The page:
Doug Ryan is on a mission to persuade banks and regulators to create more financing options for manufactured homes — but he faces an uphill battle.

Ryan, director of affordable homeownership at the nonprofit Corporation for Enterprise Development, says manufactured housing is one of the best ways to expand homeownership to low-income families.

The problem is that most loans for manufactured homes are limited to personal property loans, similar to a car loan, and typically are originated by the captive finance arms of manufactured home builders such as Fleetwood Enterprises (FLE), Champion Homes and Palm Harbor Homes (PHHHQ). As a result, the loans typically have shorter terms, higher interest rates of between 6% and 14%, and higher monthly payments, which the nonprofit group claims undercuts the goal of helping low-income borrowers build wealth.

"There's a built-in bias against manufactured housing," says Ryan. "We want to show that these loans can work and that community banks should see this as a profit-making product, even if it's a small niche."

Many banks and mortgage lenders avoid lending on manufactured homes altogether because the loans cannot be sold to Fannie Mae or Freddie Mac. Lenders and investors also believe that loans secured by manufactured housing perform poorly, but there has been little research on the topic.

To nail down the data, Ryan's group released a study last month that analyzed $1.7 billion in loan performance data from 20 organizations, including housing finance agencies, credit unions and a handful of banks.

The study found that defaults of manufactured housing loans averaged 9.7% at Dec. 31, 2012, slightly better than the 10.8% default rate of government-backed loans tracked by the Office of the Comptroller of the Currency — but only when loans from the U.S. Department of Agriculture's rural development 502 loan programs were excluded from the data. Defaults jumped to 15.9% when the USDA loans were included.

Some state housing finance agencies that purchase and service manufactured housing loans report even lower default rates.

Rod Whitson, president of Bank 2, a $102 million-asset community development bank in Oklahoma City, says manufactured housing loans are tricky because a borrower typically only owns the home, not the land beneath it, so by nature the home is a depreciating asset.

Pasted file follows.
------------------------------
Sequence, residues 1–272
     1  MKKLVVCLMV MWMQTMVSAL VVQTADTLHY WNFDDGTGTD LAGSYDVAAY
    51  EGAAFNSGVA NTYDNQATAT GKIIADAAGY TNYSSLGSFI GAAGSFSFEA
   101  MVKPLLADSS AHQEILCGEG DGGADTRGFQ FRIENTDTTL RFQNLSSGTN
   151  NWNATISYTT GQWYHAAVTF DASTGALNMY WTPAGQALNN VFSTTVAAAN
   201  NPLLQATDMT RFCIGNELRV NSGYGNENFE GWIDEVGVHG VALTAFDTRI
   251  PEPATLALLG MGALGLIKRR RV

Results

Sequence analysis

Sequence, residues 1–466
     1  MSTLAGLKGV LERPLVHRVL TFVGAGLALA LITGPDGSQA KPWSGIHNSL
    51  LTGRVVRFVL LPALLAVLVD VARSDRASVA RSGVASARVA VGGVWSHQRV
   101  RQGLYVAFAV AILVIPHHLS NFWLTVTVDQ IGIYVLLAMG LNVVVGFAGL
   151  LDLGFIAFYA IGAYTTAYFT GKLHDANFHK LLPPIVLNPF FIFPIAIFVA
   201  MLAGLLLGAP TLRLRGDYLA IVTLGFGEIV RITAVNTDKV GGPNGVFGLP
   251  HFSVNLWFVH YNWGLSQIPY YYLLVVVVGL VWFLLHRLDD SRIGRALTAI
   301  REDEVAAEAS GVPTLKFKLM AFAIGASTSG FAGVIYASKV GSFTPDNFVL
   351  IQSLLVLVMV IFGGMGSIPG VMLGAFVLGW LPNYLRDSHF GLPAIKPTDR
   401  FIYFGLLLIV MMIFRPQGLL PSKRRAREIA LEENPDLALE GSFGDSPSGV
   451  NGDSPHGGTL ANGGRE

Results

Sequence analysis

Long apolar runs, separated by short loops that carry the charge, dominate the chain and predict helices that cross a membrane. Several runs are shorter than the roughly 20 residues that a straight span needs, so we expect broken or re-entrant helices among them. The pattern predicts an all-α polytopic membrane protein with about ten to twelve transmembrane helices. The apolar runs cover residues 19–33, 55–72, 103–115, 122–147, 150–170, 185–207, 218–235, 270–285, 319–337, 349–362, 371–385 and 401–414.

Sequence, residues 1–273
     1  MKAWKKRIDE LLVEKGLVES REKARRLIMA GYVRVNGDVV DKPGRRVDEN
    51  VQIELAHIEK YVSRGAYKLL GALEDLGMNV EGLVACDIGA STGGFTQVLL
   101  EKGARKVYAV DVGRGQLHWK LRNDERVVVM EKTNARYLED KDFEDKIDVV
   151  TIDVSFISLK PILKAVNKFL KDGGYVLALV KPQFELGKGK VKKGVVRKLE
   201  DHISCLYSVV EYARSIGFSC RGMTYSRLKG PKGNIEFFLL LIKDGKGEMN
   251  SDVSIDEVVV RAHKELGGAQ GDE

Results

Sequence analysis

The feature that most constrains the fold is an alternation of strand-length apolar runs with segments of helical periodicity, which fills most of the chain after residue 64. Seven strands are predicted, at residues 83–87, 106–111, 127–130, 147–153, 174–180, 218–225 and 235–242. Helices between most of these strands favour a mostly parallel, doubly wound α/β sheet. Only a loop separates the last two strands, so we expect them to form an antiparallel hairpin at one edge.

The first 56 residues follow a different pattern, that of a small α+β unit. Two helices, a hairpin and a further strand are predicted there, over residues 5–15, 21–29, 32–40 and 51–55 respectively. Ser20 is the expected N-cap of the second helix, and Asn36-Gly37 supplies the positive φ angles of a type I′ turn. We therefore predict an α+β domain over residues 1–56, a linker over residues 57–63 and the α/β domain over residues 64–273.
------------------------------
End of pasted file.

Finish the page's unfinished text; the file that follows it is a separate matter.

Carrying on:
Bank 2, a unit of Chickasaw Banc Holding Co., which is owned by the Chickasaw Nation, supports Department of Housing and Urban Development Section 184 loans for manufactured homes on tribal lands.

"The rates on car loans are what you see on manufactured housing loans," says Whitson. "The consumer groups want banks to offer loans at lower rates, but I'm not sure this is an underserved market. It's a niche that may be better served by nontraditional lenders who better understand the risk and can better price it."

Three other major federal programs insure or make loans on manufactured homes: FHA Title I (also known as chattel loans) and Title II (mortgage loans), USDA Rural Development 502 program guaranteed and direct mortgages, and Veterans Administration mortgages.

Howard Banker, executive director of the New York nonprofit Fair Mortgage Collaborative, and a co-author of the study, says manufactured housing is not "a magic bullet," for lenders or borrowers. But he holds out the hope that more bank lenders will extend credit in light of the study's findings.

"Many lenders are put off by the idea of manufactured home loans, and we wanted to show that they can perform as well as other types of loans, and even better with high-touch servicing," Banker says.

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